Sometimes the setting in which you watch a movie makes all the difference in its effectiveness. For example, I vividly recall watching Witchboard as a teen alone in my house at night, and it was terrifying. When I watched it again recently, I found myself laughing more than being scared and marvelling at how I could have been scared by a Tawny Kitaen film.
So last night, I watched a screener of Alone With Her at home alone with my dog. The movie concerns a girl who lives alone with her dog who is stalked by a surveillance expert. Understandably, my setting contributed to my being utterly creeped-out.
But I think this film will work no matter where it's watched. It really takes the killer's POV to the extreme, and director Eric Nicholas devises creative expressions for the subjective camera. The film is a very 21st century update on the first film to ever horrify us by letting us see through the killer's eyes - Peeping Tom.
Colin Hanks plays Doug, a shy loner and surveillance geek. Doug randomly picks a victim, Amy (Ana Claudia Talancon), when he spots her alone in a park with her dog, crying quietly as she watches a couple making out. He immediately begins to follow her and seizes an opportunity to break into her apartment, where he plants spy cams in every room including the bathroom. Our view of the action as it unfolds comes only through these cameras. We learn about Amy's life in all its intimate details - her masturbation technique, her confessions to her best friend, her loneliness. There are many nifty shots, including the POV from a camera Doug hides in a gym bag when he follows Amy, complete with a zippered border on the shots. Doug gradually gets to know Amy, by pretending to have common interests, conveniently showing up at the coffeehouse she frequents, and helping her when she's in trouble. A friendship develops which fills us with more anxiety, as Amy grows to trust him and lets him into her apartment and into her life.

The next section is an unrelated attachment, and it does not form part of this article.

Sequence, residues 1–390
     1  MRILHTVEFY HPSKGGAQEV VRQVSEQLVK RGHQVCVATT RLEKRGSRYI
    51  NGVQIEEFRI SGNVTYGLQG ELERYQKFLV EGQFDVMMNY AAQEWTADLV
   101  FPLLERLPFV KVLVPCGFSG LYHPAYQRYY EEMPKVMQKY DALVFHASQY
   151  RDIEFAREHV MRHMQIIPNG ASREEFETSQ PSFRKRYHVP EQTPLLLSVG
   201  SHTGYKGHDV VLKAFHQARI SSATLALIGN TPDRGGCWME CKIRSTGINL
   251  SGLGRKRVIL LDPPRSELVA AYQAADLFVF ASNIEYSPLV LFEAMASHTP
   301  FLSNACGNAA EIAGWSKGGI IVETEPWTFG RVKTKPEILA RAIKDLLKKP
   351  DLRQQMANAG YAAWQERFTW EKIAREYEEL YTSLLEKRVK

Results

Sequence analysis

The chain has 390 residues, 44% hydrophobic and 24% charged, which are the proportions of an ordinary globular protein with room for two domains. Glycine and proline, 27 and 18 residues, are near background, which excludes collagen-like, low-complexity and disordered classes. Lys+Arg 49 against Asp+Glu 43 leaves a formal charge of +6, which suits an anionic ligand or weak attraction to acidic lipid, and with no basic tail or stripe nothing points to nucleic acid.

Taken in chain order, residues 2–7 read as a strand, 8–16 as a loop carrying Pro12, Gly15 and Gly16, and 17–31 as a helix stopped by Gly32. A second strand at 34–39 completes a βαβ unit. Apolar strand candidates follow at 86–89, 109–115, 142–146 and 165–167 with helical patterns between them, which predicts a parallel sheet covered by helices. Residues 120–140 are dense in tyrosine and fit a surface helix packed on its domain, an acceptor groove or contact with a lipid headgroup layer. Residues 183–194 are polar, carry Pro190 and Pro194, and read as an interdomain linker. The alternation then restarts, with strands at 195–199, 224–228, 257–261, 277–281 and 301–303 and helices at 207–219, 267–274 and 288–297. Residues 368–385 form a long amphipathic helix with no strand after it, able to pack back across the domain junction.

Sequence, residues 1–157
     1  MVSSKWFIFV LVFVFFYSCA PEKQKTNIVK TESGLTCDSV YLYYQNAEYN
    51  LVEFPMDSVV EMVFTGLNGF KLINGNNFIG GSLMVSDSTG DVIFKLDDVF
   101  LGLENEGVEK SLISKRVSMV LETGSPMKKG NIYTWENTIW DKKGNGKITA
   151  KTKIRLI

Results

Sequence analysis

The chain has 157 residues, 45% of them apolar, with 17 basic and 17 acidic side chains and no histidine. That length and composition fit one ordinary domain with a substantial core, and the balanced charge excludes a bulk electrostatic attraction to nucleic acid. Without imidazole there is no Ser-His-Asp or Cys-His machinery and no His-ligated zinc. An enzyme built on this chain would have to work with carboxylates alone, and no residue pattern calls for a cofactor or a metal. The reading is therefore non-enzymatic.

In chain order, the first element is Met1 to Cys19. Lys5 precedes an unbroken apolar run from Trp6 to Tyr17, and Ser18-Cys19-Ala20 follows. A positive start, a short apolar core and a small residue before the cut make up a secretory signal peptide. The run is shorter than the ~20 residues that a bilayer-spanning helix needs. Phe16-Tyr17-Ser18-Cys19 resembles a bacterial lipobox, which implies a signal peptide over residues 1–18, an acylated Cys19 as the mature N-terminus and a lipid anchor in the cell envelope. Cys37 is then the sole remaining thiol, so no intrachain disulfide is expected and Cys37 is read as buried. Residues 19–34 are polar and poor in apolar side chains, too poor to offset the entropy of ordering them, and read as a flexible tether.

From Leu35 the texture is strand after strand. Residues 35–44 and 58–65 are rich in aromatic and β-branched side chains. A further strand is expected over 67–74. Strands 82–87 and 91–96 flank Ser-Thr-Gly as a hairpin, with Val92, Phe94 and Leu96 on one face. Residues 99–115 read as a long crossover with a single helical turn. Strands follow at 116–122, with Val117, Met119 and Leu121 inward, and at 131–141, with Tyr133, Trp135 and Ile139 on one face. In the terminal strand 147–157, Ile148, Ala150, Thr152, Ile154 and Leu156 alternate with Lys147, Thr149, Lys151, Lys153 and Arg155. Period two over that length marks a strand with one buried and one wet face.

It would have been nice to learn more about the killer, but the film's faithfulness to its storytelling doesn't allow for that. It's also a little unclear why he fixates on Amy. She's cute but doesn't seem particularly interesting as a character. Hanks does a good job walking the line between nice guy/creep, but Talancon doesn't do much to elevate her character beyond a horror movie damsel in distress. So, while the film doesn't really break new ground in terms of its narrative, it's definitely good for some creepy thrills, especially if you're a girl with a dog watching it in the house alone at night.